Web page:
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Chicago Quartet #1 (After Telemann)

Opening of Scholar.

Megalopolis of Pure Intensity describes the city itself, Pilot Fish is the term Steiner uses to describe his relationship with the former Marine Archie, Scholar explains Steiner's experience of learning about the sciences, Discovering Difficulty refers to an epiphany moment when trying to read the opening paragraph of Martin Heidegger's Being and Time, Nights Becalmed describes Chicago on a very hot summer's night, and finally Sirens Singing tells of Steiner's initiation into teaching. Such titles are only loosely hung on movements that observe the tempo, structure and dance forms that Telemann used.

But there are in each movement particular elements of distortion and parametric reassembling employed to create a very contemporary character to the music: that the musicians of today might enjoy something of the kind of joyful ‘play' of ensemble writing that Telemann was brilliant at providing for his musicians. This will be the challenge and deliberation of the Chicago Quartet series. Often the distortion is rhythmic or metrical, bars are expanded and contracted (in Scholar a Fibonacci generation is used in the rhythmic material), harmony is ‘stretched' and altered (Nights Becalmed), and new tempo relationships explored within a metrically modulated Menuet (Siren Singing).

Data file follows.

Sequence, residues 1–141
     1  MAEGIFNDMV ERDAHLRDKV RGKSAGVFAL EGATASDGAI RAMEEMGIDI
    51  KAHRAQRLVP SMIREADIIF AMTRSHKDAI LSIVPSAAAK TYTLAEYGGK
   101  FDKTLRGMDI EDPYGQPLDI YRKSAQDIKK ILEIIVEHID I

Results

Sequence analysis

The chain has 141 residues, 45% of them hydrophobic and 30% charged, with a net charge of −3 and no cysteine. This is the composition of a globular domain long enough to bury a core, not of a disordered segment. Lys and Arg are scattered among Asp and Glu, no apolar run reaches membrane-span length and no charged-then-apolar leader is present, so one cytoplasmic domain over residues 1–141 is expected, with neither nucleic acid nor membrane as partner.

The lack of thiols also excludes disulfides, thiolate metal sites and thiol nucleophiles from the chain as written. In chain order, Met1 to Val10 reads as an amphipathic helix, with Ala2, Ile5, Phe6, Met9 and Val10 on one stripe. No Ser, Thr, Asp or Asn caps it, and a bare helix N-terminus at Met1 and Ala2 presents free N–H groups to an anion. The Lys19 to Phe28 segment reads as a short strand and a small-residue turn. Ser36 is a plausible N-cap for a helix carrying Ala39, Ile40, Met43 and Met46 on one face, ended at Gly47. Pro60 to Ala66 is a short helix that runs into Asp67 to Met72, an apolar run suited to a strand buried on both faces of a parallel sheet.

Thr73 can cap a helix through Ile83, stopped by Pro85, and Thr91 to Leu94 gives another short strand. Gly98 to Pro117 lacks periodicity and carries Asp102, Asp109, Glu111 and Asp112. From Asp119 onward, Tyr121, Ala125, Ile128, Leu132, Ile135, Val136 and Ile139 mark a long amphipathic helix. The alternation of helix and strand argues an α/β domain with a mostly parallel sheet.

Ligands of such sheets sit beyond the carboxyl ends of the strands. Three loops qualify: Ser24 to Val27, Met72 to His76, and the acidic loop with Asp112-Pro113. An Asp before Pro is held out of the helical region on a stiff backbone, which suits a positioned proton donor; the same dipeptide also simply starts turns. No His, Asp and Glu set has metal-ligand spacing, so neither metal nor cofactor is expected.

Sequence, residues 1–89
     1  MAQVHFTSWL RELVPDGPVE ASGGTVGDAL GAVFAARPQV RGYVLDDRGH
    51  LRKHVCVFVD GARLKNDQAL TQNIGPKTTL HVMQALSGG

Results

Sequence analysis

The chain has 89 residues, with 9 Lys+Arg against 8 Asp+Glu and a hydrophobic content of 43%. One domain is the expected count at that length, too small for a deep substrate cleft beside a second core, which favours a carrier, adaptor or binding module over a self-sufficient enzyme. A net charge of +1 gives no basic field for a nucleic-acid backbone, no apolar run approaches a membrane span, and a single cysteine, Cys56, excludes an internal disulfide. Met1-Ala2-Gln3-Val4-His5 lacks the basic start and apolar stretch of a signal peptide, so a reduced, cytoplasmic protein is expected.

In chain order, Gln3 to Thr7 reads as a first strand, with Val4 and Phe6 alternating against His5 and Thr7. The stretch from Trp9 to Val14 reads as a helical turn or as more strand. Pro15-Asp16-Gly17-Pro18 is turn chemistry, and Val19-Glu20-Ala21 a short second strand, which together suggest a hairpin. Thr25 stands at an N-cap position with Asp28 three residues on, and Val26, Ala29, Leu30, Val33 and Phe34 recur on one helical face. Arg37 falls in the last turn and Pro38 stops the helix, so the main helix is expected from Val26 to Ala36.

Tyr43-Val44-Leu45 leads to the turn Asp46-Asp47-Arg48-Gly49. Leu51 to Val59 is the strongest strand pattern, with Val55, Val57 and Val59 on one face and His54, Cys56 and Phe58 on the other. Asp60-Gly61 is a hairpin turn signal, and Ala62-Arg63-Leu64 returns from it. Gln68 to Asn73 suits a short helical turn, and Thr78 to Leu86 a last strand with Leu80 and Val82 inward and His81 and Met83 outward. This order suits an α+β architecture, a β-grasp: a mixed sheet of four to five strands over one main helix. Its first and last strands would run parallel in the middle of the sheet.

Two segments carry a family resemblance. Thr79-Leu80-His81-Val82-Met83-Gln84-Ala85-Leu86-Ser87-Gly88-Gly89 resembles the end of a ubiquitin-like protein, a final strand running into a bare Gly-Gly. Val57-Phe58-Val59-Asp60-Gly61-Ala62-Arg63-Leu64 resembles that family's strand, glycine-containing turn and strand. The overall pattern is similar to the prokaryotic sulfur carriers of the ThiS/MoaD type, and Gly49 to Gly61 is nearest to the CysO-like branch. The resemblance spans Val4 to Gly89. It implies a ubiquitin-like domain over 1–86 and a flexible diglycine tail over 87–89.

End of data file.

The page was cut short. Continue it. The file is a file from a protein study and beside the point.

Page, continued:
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Nigel Morgan, Prudential Buildings, 55 Westgate, Wakefield, West Yorkshire, WF1 1BW, United Kingdom Tel: 01924 383017 e-mail: tonalitysystems@mac.com

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